Thankfully, our two older sons, both with mortgages, car payments, and children of their own, get it.  There is only five years difference between our second and third son, so it appears (to me) that it’s not a full generation, but just a demographic, that don’t get it.  At least this theory is apparent in my family.  I have heard from many others that their much older children have the same myopic outlook.

Did you watch the debate?  What are your post debate conclusions, thoughts, opinions?

 

 

 

Political battle in Canada

There is yet another political battle going on in Canada.  Four years ago I warned you to be careful what you wish for when Canadians hoping for a change gave Justin Trudeau a Liberal majority.  Many of us were skeptical that the majority of his election promises would/could never happen and those that did would cost us dearly.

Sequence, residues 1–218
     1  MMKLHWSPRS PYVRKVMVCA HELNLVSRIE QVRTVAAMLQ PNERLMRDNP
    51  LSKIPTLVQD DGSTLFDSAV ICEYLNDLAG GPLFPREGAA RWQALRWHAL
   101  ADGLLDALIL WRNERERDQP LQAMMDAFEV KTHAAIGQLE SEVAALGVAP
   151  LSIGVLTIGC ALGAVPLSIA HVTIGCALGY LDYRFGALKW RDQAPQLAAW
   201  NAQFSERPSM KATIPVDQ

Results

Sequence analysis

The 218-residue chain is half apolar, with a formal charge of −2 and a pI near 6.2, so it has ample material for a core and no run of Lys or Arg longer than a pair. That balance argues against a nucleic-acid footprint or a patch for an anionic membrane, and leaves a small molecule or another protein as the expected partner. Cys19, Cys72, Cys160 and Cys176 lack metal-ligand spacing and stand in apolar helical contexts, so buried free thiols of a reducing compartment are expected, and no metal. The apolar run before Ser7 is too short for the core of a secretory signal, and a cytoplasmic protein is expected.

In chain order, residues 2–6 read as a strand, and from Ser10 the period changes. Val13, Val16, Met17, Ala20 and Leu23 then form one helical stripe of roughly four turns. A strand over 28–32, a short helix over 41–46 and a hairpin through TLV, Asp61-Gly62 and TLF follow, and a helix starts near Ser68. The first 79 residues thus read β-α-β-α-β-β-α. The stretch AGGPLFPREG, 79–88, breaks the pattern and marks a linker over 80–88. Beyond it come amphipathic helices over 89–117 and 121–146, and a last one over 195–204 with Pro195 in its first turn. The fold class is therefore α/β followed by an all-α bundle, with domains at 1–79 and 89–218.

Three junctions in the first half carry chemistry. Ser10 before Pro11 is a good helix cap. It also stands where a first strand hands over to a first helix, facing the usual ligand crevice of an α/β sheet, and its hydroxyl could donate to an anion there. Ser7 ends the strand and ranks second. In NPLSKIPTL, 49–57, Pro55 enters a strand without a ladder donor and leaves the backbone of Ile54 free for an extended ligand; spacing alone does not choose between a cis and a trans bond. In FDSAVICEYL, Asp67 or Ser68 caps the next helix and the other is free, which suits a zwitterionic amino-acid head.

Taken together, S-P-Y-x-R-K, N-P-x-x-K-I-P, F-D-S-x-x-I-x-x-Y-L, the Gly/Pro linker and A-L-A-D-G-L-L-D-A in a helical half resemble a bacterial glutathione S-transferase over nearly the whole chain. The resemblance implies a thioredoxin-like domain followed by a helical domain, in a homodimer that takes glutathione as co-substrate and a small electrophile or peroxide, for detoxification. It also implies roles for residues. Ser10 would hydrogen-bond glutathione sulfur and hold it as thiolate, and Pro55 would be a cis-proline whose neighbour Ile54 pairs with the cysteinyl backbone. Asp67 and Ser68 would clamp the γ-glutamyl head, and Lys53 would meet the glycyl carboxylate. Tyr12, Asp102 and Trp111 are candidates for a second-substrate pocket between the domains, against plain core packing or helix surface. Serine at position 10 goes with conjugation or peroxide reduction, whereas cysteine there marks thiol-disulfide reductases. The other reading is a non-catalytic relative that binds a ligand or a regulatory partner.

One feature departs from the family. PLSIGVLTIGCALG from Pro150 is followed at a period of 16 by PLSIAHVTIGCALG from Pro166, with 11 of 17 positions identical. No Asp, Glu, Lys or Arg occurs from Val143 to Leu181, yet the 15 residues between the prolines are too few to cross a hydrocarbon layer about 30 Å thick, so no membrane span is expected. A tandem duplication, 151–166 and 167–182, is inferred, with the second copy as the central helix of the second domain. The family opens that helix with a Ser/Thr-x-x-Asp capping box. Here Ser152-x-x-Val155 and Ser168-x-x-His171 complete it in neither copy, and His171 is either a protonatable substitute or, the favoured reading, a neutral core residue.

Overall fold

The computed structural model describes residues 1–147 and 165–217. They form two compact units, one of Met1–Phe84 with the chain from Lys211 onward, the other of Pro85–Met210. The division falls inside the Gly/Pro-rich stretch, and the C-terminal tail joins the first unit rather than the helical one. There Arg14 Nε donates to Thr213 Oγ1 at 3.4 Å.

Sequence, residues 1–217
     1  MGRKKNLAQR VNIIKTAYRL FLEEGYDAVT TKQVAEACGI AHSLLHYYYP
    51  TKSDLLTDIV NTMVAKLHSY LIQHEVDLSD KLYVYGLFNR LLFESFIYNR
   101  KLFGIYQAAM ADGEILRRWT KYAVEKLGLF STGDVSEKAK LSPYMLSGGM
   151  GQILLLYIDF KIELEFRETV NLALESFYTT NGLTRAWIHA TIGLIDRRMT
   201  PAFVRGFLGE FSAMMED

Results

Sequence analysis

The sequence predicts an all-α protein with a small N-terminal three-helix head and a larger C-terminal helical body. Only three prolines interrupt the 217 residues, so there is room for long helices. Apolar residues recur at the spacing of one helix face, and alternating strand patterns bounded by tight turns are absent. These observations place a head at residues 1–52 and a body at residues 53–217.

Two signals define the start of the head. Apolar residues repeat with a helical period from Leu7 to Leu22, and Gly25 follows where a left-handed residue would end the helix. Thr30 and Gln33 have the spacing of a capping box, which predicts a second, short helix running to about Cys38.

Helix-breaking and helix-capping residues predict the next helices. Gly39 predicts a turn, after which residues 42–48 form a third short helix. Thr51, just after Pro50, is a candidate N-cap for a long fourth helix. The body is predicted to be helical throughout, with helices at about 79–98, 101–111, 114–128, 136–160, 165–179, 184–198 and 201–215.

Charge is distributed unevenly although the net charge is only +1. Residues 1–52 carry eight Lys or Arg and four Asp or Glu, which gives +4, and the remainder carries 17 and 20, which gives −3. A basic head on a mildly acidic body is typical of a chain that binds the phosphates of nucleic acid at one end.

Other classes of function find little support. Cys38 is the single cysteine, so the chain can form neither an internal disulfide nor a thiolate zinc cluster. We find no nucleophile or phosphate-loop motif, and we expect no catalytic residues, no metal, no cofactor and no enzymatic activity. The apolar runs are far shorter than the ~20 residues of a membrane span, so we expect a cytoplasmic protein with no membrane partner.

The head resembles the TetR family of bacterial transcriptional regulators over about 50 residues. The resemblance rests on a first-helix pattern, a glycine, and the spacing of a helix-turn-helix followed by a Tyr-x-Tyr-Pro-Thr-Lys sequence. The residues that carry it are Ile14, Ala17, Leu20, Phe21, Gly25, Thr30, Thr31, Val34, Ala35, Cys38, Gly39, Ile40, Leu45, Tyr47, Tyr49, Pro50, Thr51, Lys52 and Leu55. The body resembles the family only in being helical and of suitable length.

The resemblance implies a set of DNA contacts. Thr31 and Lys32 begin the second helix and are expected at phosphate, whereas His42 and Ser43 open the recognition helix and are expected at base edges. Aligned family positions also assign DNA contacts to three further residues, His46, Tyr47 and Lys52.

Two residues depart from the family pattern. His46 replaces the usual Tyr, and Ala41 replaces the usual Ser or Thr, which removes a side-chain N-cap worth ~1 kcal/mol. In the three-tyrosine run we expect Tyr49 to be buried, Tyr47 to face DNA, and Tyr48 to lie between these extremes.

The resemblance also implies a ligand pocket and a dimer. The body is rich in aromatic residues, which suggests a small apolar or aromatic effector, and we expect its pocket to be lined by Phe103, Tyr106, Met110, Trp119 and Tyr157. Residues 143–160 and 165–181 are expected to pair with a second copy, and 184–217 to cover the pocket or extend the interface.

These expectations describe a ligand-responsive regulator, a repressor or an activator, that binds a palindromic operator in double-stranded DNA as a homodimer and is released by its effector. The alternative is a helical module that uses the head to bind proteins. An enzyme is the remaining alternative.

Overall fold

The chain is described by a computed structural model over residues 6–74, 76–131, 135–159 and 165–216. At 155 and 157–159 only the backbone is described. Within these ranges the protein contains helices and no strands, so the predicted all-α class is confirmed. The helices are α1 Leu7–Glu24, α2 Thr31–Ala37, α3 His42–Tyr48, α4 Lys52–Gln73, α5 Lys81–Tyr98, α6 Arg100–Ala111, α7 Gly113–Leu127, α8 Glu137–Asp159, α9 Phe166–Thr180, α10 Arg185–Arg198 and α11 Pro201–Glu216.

One (huge) example is the federal budget.  An election promise in 2015 claimed the budget would be balanced by 2019, with Trudeau assuring voters it would balance itself.  Although many of us saw that simplistic prediction as an enormous red flag,  (the majority of) others were willing to play along, blindly.  Perhaps blinded by the handsome smile and fashionable clothing although they are worn by someone that has never balanced let alone lived on a budget in his life.

Fast forward to the present: not only is the budget nowhere near balanced, our national debt is through the roof by BILLIONS of dollars and growing by the second.  Why that does not scare more Canadians I am not sure.  I worry most about my sons’ and grandchildren’s futures as the cost of living skyrockets out of control.